1. Should use either Test I or Test II

## 3. Should use Test II only

4. Cannot decide.

## If there are 200 defective widgets in the lot, Prakash

1. Should use either Test I or Test II

## 3. Should use Test II or not use any test

4. Cannot decide.

If Prakash is told that the lot has 160 defective widgets he should
1. Use Test I

25.

3. No test

## If there are 120 defective widgets in the lot, Prakash

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## DIRECTIONS for questions 26 - 30:

On 27-11-92, Sanjay bought 500 shares of company A at a price of Rs. 80/-, 100 shares of company
B at a price of Rs. 45 and 200 shares of company C at a rate of Rs. 50/-. The sensitive index on 2711-92 was 2,000. Sanjay knows that the price of share A is directly proportional and share price of B
is inversely proportional to the sensitive index. The share price of C is proportional to the square root
of the share price of A.
26.

If Sanjay again buys 500 shares of A at an index of 2400, what will be his average price of
share A?
1. Rs.92/-

27.

2. 3,825

3. 1,110

4. 2,000

2. Rs.82,000

3. Rs.48,250

4. Rs.72,000

Sanjay predicts that the index would reach a peak of 2400 and would fall down to 1800 in the
coming month. What will be the profit earned by Sanjay if he sells all his shares at the peak
index and buys back the same shares at the lowest index?
1. Rs.14,800

30.

4. Rs.12/-

## What is the total value of shares possessed by Sanjay at an index of 3,000?

1. Rs.75,250

29.

3. Rs.96/-

If Sanjay sells 200 shares of C when the index is 2,500, what is his gain in rupees?
1. 2,500

28.

2. Rs.98/-

2. Rs.12,700

3. Rs.13,850

4. Rs.18,750

3. 1,000

4. 6,400

3. 57/9

4. 65/7

1. 4,000

2. 8,000

x y = x2 + x2 y2

x
xy=
31.

1. 47/13

32.

2. 13/2

## Given x = 5, for what value of y does (y 3) x become equal to 5?

1. 27/7

33.

y2 + y

2. 0

3. 17/3

4. 19/4

If x y = m , x y = n, what is m n for x = 2, y = 1?

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1. 412
34.

3. 197

4. -4

1. 2

35.

2. 278

2. -2

3. 1

4. -4

## When will x y be equal to x + y?

2. Only when y is equal to x2.

## 1. Only when y is zero.

3. When y is equal to either zero or

x.

4. None of these.

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CHAPTER-3

Blood Relationships
In the study of Blood relations we come across three major types of problems.

The relation will be described with you as a centre and is given in a round about manner
i.e. one needs to under go a series of relationships before arriving at the conclusion.

The relation will be given between the two people in a round about manner.

Here certain codes are used to indicate certain relations. One needs to decode it and come
to the conclusion.

In order to solve the problems related to blood relation we need to know the following relations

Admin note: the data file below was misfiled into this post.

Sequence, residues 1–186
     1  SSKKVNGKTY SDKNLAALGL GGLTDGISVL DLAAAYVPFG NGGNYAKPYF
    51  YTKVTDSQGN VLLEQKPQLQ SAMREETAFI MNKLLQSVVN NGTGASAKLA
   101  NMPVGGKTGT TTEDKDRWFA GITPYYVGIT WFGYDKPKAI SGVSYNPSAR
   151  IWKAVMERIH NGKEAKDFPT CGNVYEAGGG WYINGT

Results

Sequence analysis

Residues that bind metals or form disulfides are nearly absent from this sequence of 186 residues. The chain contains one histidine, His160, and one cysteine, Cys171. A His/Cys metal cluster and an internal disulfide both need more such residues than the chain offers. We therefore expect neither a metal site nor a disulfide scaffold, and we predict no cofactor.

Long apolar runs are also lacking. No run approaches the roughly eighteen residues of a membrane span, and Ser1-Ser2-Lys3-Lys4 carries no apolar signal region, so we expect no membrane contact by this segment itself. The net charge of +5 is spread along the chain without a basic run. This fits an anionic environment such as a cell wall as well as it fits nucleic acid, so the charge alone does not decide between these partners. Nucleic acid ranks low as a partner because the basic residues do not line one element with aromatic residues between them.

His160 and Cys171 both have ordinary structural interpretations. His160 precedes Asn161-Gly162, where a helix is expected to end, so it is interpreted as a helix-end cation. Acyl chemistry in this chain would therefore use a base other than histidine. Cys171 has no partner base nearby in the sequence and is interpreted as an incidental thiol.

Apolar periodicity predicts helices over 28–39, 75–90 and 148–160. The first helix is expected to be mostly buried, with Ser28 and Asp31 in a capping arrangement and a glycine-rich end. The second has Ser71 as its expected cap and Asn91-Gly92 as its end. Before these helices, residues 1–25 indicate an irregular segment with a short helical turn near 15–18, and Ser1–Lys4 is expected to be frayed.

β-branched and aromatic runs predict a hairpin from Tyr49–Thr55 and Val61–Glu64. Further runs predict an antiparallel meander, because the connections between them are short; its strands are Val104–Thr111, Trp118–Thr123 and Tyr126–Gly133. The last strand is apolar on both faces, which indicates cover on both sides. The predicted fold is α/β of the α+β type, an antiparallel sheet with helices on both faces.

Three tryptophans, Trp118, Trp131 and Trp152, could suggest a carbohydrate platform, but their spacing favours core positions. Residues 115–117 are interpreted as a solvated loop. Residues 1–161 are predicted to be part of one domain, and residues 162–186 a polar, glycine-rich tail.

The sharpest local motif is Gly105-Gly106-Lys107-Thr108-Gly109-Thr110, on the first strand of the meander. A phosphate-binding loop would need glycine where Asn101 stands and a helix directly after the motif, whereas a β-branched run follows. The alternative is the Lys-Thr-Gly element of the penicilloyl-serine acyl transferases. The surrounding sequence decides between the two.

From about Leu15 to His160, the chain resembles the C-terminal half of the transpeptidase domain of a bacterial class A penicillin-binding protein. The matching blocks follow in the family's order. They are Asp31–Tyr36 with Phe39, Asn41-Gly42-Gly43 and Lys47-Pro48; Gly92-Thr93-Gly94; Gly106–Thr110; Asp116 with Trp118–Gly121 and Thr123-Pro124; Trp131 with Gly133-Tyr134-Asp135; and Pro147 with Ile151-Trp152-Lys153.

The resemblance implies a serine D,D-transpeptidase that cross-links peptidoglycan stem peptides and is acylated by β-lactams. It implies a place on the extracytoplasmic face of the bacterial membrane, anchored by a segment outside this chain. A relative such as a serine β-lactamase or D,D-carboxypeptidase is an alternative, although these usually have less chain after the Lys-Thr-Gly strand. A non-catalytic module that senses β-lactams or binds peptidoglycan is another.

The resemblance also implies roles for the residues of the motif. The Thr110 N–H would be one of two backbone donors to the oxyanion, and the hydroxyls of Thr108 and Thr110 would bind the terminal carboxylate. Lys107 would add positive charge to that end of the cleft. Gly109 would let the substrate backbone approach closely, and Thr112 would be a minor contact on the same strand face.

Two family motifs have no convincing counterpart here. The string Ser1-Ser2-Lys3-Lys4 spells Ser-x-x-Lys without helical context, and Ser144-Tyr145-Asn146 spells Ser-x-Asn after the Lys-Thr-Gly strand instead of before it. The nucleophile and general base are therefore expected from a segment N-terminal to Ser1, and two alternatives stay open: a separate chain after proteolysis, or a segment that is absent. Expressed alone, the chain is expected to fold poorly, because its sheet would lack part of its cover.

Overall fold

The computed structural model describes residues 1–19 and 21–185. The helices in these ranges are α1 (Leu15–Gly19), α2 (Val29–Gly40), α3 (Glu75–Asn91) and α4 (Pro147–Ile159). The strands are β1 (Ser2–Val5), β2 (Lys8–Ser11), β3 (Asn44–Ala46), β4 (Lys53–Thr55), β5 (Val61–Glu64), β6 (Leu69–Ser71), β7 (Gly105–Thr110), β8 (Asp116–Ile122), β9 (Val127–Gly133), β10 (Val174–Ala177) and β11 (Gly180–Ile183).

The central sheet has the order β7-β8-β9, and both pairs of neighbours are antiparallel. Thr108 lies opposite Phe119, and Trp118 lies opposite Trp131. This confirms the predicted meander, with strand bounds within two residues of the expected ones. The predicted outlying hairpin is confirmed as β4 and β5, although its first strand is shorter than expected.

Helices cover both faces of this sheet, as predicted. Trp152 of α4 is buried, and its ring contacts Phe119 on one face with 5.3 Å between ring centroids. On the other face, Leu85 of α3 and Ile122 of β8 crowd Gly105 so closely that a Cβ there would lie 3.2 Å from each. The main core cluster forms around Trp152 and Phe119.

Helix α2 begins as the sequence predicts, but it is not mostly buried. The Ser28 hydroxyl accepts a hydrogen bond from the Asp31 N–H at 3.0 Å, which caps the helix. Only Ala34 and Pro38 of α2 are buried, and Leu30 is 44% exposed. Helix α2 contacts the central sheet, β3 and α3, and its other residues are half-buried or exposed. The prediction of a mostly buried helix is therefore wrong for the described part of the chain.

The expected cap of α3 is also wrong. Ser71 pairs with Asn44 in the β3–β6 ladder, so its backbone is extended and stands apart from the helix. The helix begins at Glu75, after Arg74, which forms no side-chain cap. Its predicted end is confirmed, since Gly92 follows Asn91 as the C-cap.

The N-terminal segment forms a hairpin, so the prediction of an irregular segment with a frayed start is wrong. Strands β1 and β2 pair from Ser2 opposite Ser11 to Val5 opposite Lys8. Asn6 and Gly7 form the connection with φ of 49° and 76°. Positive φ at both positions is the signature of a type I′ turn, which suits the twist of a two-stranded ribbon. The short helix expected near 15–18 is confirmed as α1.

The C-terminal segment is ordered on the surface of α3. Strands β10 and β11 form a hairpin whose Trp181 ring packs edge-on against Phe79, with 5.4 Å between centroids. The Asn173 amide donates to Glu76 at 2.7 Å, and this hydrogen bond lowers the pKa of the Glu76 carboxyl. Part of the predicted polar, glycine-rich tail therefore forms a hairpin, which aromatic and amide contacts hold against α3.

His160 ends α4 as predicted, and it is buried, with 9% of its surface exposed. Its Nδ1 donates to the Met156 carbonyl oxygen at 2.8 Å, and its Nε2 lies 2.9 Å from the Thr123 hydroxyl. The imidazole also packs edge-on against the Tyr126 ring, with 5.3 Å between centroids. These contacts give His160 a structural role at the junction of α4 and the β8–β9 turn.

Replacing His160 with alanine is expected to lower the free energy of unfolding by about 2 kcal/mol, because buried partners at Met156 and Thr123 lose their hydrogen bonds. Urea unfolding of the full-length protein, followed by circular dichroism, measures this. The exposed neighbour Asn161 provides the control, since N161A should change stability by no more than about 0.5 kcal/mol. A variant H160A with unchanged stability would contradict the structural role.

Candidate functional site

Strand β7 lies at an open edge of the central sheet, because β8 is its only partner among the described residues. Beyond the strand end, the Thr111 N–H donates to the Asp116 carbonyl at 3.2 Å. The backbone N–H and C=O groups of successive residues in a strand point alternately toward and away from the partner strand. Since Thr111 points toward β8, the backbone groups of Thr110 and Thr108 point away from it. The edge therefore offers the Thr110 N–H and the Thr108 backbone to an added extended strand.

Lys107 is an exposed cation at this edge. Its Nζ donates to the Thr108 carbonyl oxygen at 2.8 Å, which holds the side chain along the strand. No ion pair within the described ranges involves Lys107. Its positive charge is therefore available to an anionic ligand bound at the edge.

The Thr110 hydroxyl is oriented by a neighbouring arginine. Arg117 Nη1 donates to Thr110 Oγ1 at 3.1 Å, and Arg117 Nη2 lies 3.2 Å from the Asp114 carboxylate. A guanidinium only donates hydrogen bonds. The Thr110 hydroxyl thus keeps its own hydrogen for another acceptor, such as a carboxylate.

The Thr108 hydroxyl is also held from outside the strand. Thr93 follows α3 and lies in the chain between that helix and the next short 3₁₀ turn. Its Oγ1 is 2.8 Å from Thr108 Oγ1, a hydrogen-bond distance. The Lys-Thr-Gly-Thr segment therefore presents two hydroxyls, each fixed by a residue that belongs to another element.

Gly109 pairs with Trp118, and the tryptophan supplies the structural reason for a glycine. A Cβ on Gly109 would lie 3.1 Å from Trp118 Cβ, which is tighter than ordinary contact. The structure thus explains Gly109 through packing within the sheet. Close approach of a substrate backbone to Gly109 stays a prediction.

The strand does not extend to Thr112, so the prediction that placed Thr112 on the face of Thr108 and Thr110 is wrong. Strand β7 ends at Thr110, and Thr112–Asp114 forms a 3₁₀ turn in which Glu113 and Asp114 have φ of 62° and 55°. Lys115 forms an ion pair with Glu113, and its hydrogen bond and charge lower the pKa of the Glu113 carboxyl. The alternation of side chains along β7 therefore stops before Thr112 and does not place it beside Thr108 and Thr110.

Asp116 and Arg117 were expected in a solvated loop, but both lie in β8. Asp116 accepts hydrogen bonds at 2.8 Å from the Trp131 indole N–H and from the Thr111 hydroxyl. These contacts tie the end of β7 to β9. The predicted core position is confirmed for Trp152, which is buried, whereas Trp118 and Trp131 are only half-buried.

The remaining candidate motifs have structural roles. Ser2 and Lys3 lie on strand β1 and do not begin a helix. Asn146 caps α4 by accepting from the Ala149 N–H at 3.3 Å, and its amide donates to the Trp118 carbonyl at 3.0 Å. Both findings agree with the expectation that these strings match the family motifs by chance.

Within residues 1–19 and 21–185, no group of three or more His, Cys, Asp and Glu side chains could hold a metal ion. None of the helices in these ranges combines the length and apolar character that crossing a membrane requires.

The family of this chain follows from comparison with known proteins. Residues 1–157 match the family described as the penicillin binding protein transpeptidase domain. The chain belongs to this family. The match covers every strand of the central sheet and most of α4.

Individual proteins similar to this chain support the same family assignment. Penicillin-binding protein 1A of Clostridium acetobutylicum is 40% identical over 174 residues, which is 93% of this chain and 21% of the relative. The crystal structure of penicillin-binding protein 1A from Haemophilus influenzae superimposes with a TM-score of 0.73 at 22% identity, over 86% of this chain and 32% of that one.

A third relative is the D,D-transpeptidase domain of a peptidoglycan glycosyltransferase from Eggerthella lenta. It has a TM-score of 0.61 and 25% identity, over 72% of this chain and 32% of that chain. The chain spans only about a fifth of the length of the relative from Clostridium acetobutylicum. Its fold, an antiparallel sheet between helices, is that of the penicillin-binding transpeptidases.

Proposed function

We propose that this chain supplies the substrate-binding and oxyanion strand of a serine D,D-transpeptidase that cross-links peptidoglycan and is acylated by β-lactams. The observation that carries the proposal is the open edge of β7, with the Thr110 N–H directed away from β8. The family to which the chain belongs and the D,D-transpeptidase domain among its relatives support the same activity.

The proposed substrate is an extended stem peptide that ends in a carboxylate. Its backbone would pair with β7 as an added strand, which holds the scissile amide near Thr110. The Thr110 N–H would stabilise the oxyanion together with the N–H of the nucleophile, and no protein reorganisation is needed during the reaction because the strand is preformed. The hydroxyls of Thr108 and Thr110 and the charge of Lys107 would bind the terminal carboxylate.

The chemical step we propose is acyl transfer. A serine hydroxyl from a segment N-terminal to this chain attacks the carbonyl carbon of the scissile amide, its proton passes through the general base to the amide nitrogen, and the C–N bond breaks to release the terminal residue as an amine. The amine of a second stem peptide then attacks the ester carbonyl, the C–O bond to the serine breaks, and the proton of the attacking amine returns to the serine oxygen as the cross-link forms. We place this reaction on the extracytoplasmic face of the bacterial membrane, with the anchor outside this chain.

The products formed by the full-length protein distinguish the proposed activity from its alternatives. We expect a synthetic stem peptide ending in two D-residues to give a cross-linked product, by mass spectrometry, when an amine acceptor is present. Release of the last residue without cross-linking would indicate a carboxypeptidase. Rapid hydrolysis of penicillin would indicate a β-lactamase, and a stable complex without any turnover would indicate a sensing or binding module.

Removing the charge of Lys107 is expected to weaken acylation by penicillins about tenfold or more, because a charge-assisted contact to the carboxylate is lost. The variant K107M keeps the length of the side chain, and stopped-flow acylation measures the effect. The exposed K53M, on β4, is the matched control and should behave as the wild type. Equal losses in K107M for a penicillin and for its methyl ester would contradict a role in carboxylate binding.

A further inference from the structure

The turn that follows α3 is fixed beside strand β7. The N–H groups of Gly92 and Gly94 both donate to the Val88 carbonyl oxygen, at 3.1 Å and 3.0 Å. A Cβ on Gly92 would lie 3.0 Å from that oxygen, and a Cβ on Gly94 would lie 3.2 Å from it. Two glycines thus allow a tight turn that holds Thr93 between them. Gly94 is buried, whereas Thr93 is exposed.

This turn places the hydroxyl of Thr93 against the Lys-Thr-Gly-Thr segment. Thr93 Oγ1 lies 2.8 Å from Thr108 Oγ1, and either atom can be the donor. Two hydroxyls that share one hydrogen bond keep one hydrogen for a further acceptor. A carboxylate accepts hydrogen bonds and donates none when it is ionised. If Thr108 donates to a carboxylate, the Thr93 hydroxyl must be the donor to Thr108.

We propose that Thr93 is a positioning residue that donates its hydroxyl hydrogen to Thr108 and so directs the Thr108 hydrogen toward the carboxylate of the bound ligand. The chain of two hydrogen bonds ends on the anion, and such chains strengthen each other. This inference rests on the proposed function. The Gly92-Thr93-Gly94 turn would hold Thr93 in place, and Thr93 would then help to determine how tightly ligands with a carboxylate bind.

Mothers mother

Grand mother

Fathers mother

Grand mother

Mothers father

Grand father

Fathers father

Grand father

Grandmothers brother

Grand uncle

Grandmothers sister

Grand aunt

Grandfathers brother

Grand uncle

Grandfathers sister

Grand aunt

Fathers son

Brother

Mothers son

Brother

Mothers daughter

Sister

Fathers daughter

Sister

Mothers brother

Uncle

Fathers brother

Uncle

Mothers sister

Aunt

Sons wife

Daughter-in-law

Daughters husband

Son-in-law

Husbands sister

Sister-in-law

Wifes sister

Sister-in-law

Husbands brother

Brother-in-law

Wifes brother

Brother-in-law

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Sisters son

Nephew

Brothers son

Nephew

Sisters daughter

Niece

Brothers daughter

Niece

Cousin

Cousin

Sisters husband

Brother-in-law

Brothers wife

Sister-in-law

and sister)

## Spouse means either husbands wife or wife husban4.

The graph given below will help us to get the concepts properly.

Draw family tree in which stem represents mother and father, roots, grant parents, branches,
children, and leaves, the children of the children. Aunt can be mothers or fathers sisters. Uncles are
fathers or mothers brothers.
These are common relations and one can easily spot out the
relationship.

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Practice Exercise 2
1.

2.

If a+b means a is the husband of b, a b means a is the sister of b and a b means a is the
son of b which of the following shows that A is the daughter of B?
1. A D B

2. D B C A

3. B x C A

4. C + B A

The man who is receiving the hat is the brother of uncles daughter. What is the relation
of the speaker and the man getting the hat.
1. Son in law

3.

3. Cousin

4. Niece

2. Son in law

3. Brother

4. Husband

2. Aunt

3. Sister in law

4. Niece

2. Brother

3. Uncle

4. Nephew

2. Uncle

3. Sister

4. Daughter in law

Pointing to a lady Mohan said She is the daughter of a woman who is the mother of the
husband of my mother. How is the lady related to Mohan?
1. Aunt

10.

2. Brother

Introducing a man to her husband a wife said that his brothers father is the only son of my